To try to sustain residual values on used cars, several marques have decided to scale back the number supplied to rental fleets.
But as public demand for rental cars grows, rental firms are finding they have to keep their vehicles longer in response, meaning higher mileage and even lower residual values.
Industry experts have been privately concerned about the number of manufacturers reducing the volume of cars they supply to rental firms. They fear this could lead to shortages in the future, especially as the number of cheap flights throughout Europe increases.
A spokesman for Hertz was more reserved on the impact of sales reductions, but acknowledged that something would need to be done in the future.
He said: ‘There’s a big rise in daily rental and as that continues to increase in popularity there will be a need to ensure that sufficient vehicles are available to meet demand. But it’s too early to say what the impact will be.’
Des McCann, head of UK operations at Budget Rent a Car, said the firm was examining its options and had yet to have discussions with manufacturers.
He said: ‘Increasing the length of time we hold cars is just one possible solution. There are a number of other alternatives that we are reviewing at the present time.’
Jim Burrell, senior vice-president of European operations at Enterprise Rent-A-Car, believes the situation will change. He said: ‘The global business environment is always changing and the motor industry is no exception. That means there will always be peaks and troughs in the supply of vehicles.
‘We have worked hard to develop relationships with our manufacturers, so that we can obtain all the vehicles we need. This has helped to minimise the impact of a cyclic market on us and, more importantly, on our customers.’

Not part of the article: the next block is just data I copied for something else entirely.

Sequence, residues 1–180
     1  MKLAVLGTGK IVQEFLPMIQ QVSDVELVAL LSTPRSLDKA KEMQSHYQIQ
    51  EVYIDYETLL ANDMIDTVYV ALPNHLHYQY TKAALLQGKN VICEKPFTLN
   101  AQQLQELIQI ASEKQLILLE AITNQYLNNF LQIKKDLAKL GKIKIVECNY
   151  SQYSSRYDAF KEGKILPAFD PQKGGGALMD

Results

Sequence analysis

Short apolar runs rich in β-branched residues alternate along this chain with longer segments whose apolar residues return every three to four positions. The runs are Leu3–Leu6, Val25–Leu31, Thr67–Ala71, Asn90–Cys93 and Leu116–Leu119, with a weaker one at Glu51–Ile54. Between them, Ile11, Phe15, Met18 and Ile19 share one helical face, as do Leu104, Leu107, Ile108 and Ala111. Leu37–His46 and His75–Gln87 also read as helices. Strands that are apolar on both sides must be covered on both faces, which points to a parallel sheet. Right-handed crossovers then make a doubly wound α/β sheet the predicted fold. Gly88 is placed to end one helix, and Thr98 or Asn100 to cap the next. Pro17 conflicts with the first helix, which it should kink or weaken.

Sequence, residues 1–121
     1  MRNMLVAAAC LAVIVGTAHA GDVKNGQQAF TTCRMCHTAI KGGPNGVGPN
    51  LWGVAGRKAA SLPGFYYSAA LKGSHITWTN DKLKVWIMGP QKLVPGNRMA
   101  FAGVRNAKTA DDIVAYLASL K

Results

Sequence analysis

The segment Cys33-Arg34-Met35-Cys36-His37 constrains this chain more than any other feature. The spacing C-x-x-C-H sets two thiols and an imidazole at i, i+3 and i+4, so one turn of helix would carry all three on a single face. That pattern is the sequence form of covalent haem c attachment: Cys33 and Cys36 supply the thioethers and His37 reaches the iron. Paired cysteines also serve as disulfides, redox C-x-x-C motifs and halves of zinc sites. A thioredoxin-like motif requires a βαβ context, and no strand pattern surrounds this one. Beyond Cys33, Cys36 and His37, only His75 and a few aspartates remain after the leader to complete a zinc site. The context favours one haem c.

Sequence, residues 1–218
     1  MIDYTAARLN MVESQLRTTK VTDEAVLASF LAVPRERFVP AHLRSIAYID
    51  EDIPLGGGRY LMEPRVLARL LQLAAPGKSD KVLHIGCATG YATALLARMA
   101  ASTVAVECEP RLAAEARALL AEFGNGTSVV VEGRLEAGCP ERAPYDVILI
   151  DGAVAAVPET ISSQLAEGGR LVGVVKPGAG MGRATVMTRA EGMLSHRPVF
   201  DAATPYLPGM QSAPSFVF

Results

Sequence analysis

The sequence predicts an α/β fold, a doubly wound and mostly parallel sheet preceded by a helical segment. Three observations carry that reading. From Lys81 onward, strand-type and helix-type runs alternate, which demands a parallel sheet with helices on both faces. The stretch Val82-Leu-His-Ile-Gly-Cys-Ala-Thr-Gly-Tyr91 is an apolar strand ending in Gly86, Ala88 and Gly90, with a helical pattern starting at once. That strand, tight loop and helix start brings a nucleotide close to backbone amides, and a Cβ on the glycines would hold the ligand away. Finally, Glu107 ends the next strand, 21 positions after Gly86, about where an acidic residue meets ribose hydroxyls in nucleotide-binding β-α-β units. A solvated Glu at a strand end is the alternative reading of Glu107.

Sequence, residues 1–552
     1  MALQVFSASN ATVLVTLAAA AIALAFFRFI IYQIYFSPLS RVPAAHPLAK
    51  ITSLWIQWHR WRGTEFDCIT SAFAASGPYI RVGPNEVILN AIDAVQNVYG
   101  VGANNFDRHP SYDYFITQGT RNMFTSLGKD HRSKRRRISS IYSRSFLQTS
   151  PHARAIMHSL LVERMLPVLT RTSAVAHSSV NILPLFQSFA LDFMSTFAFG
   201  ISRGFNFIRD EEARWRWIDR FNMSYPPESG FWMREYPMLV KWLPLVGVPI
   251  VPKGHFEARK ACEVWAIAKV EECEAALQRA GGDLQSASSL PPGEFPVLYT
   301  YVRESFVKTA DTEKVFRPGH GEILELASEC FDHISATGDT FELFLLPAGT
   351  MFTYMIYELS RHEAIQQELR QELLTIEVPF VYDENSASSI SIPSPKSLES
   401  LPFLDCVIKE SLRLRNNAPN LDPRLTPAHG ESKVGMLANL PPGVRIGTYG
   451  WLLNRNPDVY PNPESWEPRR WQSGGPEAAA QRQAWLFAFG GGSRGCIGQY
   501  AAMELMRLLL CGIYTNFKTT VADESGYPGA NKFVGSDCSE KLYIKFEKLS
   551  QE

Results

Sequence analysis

But manufacturers insist they must limit short-cycle business to avoid flooding the used car market and damaging values.
Keith Hawes, director of fleet and commercial vehicle operations for Renault UK, confirmed the firm was scaling back its rental sales.
He said: ‘We see the rental market as an important marketing tool in terms of exposure and test drives.
‘We also use the rental market to satisfy our own requirements for courtesy and replacement vehicles. In terms of volume, this strategy has achieved a lower than national penetration in the rental market, where we consider the costs of entry and resulting potential residual impact to be far too high.
‘Therefore in 2005 our volumes and our customers have remained consistent with 2004 and we do not see this changing in 2006. If anything, in 2006 volume will reduce versus 2005.’
A spokesman for Vauxhall said: ‘As part of our business plan for 2005 we took the strategic decision to significantly reduce our short cycle business, including that to our rental customers.
‘We’ve negotiated terms for this year with our rental customers to that effect and will be fulfilling those contractual arrangements throughout the year.’
However, Ford said it would not be changing its rental business. A spokeswoman said: ‘We’re really committed to the rental business and residual value management is really important to Ford.
‘Ford Direct and our Used Approved Car scheme is doing a cracking job and we’re not planning on pulling back on rental at all.’